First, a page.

Pascal’s Wager vs. the Ontological Argument

2450 Words Sep 1st, 2011 10 Pages
Pascal’s Wager vs. the Ontological Argument
Pascal’s Wager was a groundbreaking theory posed by the French philosopher, mathematician, and physicist Blaise Pascal. Pascal, who is said to be the father of modern probability, felt that that religion should be approached as a gamble. It was one of the first efforts to incorporate the concept of infinity. The wager stated that, even though the existence of God cannot be determined through reason, one should wager as though God exists, because living accordingly, has essentially nothing to lose and experiences can only be beneficial. Pascal’s Wager consists of three arguments. The first is the argument from super dominance. Pascal wrote: “God is, or He is not. But to which side shall we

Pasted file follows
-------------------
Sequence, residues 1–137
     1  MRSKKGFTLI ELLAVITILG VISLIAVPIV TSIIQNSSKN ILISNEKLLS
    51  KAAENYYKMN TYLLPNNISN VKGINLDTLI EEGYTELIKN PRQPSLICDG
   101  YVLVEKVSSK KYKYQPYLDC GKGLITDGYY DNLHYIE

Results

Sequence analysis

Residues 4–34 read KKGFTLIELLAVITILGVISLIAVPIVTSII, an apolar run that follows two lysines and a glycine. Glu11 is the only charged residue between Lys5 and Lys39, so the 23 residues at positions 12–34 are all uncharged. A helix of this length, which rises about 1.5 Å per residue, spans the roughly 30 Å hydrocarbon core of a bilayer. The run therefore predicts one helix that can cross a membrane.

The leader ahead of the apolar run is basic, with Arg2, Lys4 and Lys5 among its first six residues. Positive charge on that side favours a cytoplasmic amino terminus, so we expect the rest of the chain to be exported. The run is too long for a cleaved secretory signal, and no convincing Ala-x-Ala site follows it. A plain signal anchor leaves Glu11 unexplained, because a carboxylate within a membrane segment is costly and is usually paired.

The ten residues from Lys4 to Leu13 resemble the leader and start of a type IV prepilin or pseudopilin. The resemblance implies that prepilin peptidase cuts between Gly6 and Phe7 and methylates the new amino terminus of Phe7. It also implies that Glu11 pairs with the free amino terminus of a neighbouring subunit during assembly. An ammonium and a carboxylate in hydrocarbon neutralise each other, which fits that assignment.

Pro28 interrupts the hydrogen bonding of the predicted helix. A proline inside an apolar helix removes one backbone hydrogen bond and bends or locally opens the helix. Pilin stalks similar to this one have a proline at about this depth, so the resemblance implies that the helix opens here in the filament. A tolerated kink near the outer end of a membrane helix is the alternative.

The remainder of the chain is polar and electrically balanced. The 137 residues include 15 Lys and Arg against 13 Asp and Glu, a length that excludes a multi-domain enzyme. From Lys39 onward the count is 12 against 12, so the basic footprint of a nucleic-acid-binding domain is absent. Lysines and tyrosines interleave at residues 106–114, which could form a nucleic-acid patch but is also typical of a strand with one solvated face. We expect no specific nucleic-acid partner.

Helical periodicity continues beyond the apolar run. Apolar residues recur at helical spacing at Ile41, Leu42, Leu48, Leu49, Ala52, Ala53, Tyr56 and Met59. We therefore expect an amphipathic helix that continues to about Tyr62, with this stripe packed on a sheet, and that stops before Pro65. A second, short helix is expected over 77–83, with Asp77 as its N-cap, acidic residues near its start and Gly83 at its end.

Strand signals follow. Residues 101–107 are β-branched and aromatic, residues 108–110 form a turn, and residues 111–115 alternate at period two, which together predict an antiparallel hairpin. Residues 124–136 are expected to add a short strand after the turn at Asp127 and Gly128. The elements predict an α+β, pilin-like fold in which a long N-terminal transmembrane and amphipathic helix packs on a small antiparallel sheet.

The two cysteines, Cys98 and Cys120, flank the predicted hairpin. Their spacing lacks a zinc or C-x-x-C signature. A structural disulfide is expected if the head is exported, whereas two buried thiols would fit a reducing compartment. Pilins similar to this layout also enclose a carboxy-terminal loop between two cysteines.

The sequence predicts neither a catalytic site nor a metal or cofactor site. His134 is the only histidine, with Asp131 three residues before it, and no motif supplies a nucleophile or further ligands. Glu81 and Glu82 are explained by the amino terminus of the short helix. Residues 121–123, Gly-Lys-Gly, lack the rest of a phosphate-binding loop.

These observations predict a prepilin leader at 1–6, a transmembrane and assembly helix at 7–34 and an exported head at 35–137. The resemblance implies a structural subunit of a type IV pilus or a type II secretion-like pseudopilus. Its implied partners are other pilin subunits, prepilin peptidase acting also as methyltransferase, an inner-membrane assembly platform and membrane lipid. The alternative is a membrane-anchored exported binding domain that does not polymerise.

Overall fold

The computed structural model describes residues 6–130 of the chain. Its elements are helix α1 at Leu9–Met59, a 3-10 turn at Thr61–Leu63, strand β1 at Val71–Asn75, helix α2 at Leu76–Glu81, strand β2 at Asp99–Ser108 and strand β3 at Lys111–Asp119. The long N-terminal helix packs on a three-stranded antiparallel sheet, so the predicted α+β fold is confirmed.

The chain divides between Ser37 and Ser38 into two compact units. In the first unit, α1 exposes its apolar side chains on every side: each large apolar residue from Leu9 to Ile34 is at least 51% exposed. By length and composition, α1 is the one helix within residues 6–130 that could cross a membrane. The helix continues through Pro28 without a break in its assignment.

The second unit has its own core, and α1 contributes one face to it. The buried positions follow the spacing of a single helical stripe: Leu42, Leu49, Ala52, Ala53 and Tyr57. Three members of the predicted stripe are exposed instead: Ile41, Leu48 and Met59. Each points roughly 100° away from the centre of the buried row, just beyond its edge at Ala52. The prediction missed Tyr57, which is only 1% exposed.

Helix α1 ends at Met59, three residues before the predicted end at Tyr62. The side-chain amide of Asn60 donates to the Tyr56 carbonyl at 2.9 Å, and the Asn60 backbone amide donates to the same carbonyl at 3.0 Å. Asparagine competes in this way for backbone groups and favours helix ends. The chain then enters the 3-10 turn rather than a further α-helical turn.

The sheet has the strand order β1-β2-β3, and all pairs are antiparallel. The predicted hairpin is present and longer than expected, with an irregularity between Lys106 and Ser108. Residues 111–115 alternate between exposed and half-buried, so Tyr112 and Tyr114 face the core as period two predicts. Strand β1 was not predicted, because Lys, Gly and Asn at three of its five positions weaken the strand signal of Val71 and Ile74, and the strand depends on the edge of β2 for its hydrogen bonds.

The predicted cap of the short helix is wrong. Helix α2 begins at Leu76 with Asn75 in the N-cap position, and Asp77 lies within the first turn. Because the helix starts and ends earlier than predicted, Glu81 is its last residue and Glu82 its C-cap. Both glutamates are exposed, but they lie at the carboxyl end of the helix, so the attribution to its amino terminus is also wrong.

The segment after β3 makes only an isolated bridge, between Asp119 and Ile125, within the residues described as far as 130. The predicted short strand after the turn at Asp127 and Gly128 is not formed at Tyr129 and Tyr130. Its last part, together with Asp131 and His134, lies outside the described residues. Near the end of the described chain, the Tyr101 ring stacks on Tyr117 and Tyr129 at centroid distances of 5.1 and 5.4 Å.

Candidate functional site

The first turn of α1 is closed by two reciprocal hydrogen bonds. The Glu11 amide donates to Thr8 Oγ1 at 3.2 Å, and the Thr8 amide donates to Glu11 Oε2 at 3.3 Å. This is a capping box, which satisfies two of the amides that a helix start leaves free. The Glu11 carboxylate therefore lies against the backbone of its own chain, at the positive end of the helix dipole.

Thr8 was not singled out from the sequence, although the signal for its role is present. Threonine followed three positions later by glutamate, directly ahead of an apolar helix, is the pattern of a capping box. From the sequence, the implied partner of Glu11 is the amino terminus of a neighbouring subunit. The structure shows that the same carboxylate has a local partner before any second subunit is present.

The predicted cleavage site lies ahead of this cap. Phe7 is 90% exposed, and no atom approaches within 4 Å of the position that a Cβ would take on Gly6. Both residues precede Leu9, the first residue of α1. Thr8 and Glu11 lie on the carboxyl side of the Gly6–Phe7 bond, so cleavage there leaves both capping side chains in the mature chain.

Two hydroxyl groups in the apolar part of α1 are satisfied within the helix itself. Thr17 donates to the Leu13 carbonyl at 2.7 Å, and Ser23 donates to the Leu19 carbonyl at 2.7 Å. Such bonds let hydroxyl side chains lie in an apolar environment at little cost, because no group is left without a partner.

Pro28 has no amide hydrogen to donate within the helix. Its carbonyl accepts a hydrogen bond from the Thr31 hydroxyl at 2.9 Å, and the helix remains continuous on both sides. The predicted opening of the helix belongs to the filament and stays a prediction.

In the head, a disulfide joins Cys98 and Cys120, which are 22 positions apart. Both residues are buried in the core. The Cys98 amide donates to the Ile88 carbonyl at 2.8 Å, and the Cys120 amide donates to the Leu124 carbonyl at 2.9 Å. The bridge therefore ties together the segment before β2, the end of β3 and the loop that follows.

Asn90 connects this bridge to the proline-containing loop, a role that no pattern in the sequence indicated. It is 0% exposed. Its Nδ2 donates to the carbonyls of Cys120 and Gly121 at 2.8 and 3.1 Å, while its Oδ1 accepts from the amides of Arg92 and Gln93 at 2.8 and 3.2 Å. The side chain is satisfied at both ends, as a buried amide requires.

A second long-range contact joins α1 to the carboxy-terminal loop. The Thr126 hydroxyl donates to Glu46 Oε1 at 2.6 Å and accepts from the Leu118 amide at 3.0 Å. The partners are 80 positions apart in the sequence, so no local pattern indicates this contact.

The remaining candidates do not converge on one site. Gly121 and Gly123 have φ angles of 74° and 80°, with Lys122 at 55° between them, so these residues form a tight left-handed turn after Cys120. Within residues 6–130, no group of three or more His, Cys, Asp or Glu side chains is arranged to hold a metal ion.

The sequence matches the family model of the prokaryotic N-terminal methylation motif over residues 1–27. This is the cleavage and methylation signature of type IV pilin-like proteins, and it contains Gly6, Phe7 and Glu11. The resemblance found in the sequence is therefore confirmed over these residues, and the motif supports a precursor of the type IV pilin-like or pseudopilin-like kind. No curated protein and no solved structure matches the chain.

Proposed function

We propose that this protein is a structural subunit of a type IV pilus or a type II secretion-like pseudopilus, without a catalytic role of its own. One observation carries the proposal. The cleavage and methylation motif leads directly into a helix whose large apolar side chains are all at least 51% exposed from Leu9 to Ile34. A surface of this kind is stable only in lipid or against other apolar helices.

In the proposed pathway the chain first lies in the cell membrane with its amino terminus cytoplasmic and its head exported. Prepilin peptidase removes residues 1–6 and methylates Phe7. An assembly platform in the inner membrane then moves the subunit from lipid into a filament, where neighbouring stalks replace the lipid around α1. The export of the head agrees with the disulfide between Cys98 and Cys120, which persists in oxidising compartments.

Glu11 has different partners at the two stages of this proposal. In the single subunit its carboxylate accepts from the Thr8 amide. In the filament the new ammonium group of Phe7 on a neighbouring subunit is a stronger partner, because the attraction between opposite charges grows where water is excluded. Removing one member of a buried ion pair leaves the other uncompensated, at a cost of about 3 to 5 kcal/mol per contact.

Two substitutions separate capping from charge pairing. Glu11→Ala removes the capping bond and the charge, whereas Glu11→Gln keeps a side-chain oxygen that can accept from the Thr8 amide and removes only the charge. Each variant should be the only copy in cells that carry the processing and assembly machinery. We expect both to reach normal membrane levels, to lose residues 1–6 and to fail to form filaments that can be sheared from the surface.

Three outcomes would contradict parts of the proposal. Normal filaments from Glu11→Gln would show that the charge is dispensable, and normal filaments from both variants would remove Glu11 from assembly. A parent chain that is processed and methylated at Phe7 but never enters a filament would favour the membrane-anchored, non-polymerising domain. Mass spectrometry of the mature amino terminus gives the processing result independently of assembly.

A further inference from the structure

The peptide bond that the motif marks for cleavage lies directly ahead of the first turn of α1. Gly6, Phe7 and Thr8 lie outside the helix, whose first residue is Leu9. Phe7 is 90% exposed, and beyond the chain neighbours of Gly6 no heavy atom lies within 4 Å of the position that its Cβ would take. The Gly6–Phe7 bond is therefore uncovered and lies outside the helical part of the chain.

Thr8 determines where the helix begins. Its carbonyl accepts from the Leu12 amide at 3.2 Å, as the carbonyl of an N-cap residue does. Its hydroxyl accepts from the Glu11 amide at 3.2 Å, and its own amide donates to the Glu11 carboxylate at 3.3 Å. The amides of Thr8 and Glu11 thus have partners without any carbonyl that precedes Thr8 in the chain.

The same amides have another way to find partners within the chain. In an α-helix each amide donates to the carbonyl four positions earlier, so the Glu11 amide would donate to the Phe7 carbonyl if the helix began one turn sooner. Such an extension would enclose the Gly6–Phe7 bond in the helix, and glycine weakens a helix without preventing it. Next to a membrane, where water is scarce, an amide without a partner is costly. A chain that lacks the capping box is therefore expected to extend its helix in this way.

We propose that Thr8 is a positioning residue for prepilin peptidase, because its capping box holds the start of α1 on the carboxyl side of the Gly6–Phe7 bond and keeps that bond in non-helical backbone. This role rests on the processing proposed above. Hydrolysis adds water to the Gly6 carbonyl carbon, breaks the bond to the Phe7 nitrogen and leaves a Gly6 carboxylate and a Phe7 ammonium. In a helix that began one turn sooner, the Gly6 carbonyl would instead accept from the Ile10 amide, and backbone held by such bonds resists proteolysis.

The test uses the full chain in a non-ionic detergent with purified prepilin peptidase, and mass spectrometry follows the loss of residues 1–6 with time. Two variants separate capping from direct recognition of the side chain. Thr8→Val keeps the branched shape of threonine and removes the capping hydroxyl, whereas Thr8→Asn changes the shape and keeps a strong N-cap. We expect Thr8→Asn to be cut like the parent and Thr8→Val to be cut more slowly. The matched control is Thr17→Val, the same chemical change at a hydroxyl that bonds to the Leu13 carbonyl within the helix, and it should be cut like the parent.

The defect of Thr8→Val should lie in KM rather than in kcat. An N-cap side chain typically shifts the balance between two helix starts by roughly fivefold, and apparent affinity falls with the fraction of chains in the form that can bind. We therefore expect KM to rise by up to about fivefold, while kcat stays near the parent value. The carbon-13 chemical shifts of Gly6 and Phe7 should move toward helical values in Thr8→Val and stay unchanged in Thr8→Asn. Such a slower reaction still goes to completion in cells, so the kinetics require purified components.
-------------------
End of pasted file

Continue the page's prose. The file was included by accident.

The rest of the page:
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Additionally, he suggests that even if the chance of God existing was a slim one, the reward for believing is an infinite one (Heaven). Therefore one can conclude that it would just be unwise to doubt God because one could chance missing out on a substantially enormous reward. Though Pascal’s Wager seems to be a fairly simple concept it has earned many weaknesses, specifically nine. Most of these stem from the bible, the first being whether believing God is sufficient for salvation because the bible implies that salvation is dependent on good deeds, baptism, repentance, etc. There is also the question that involves the matter of which God to believe in. Christians believe in Jesus, God, and the Holy Spirit meanwhile Muslims believe in Allah—also, the Scriptures and the Qur’an differ greatly. Additionally, one must ask if human belief matters at all, and whether heaven really is the ultimate greatness. Perhaps the biggest arguments are whether one can make themselves believe if they truly are doubtful, and how do we know God’s criteria for salvation? Pascal, himself, would ask whoever is reading his works to analyze his position and imagine themselves in it. If one truly cannot decide the matter of God’s existence, then a coin toss is the only remaining option. However, placing a wager is an

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